11/09/10
Insects and other foods the trout may be eating:
1.    Blue-winged Olives
2.    Little Yellow Stoneflies
3.    Slate Drakes
4.    Needle Stoneflies
5.    Little Yellow Quills
6.    Ants
7.    Inchworms
8.    Beetles
9.    Grasshoppers
10.  Craneflies
11.  Sculpin, baitfish and small crayfish (Imitate with streamers)

Fly Fishing Santeetlah Creek North Carolina
Santeetlah Creek is another stream in western North Carolina located not far from
Great Smoky Mountains National Park that's known for its wild brown trout fishing.
The stream also has a good population of wild rainbow trout. It's also called Big
Santeetlah Creek by some anglers because there's also a Little Santeetlah Creek. .
The lower section of this stream is stocked. Santeetlah Creek a small stream with
several headwater streams that flows through Nanthala Game Lands in the
Nanthala National Forest. It's located not far from Robbinsiville North Carolina and
flows into nearby Santeetlah Lake.

The uppermost tributary is Sand Creek. It has a population of mostly small rainbow
trout. Downstream from Sand Creek is Whiggs Branch, another small tributary with
mostly rainbow trout. Indian Creek is farther downstream in the wild trout section
and below it another small stream tributary, Wright Creek. These small tributaries
also have mostly rainbows.

There's also a Little Santeetlah Creek. It flows out of the Joyce Kilmer - Slickrook
Wilderness Area known more for Big Snowbird Creek than anything. It has a good
population of wild, small rainbow trout and the state manages the stream as a wild
trout stream. The lower half mile of LIttle Santeetlah Creek can be accessed off
Kilmer Road on Forest Service Road #416. It has a trial that follows it from that point
upstream. This is a very small stream but it's fun to fish. You shouldn't have much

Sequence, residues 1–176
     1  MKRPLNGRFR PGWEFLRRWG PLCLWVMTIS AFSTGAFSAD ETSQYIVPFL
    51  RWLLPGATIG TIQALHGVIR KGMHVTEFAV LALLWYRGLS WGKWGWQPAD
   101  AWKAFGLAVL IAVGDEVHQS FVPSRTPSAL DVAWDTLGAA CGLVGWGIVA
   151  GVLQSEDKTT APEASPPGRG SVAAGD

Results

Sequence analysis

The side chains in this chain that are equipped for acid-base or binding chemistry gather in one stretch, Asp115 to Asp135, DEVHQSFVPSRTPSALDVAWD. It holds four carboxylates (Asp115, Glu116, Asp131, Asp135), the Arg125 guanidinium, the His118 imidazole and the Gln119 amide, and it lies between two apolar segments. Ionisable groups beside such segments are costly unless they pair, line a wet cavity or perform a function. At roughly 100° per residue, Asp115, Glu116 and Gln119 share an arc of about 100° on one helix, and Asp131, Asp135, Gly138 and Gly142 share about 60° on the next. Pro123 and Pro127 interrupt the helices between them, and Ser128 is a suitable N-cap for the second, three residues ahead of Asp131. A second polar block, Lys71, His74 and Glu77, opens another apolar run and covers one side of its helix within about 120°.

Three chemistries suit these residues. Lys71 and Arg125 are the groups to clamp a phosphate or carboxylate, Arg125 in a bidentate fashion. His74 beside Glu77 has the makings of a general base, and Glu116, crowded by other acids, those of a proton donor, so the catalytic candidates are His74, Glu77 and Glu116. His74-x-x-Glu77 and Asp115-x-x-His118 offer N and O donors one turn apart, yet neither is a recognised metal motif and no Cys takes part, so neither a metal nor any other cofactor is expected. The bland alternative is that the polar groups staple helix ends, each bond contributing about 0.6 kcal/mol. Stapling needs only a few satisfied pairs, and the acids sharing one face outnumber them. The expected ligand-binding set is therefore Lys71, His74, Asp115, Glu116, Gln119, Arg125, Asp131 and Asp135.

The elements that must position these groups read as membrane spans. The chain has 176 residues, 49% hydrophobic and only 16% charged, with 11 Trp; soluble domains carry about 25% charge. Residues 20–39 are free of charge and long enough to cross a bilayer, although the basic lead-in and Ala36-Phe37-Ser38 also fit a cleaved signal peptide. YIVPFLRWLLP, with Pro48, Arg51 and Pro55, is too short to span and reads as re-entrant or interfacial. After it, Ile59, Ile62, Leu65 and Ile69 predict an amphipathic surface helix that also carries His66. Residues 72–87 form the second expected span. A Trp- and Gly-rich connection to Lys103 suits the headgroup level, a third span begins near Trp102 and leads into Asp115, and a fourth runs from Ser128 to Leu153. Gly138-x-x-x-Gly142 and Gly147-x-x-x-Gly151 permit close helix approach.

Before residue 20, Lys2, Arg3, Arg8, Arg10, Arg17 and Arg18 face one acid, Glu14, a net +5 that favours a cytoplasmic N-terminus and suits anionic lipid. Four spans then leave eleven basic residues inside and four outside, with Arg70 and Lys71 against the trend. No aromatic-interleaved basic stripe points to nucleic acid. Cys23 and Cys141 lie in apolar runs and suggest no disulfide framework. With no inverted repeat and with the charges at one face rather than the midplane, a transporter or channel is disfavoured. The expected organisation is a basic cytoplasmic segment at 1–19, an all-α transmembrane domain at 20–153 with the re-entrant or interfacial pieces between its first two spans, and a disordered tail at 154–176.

trouble catching plenty of small wild, rainbows.

From John's Branch downstream, the state stocks Santeetlah Creek. It has a
population of stocked, holdover and wild trout. There's about four miles of stocked
water that's above the bridge on Forest Service Road #81. Below the bridge, you
have to hike to reach its water. This section has approximately a mile of stocked
water.

Upstream, from the confluence of Wright Creek, the stream is followed by Forest
Service Road #81-C. This is all managed under wild trout regulations. You can
reach the section just above Santeetlah Lake from the Horse Cove and Rattlers
Cove Forest Service Campgrounds. These campgrounds are accessible from
Kilmer Road but that section is hardly worth fishing.

Several primitive campsites are along the river is you want to choose that option to
fish the stream; however, since most all the water can be reached from a road, it
isn't necessary in order to fish its wild trout waters.

Most of the fishing that takes place on Santeetlah Creek is done along the stocked
section of the lower stream. The wild trout waters are not pressured very much at all
and they provide some very good fishing for brown trout. You will still catch more
rainbows as a general rule but there are plenty of beautiful wild brown trout to go
along with them. They are just more difficult to catch and especially if you fish dry
flies. Of course, you will find the larger browns much more difficult to catch.

All things considered, the upper part of Santeetlah Creek is a very good trout
stream.

Copyright 2010 James Marsh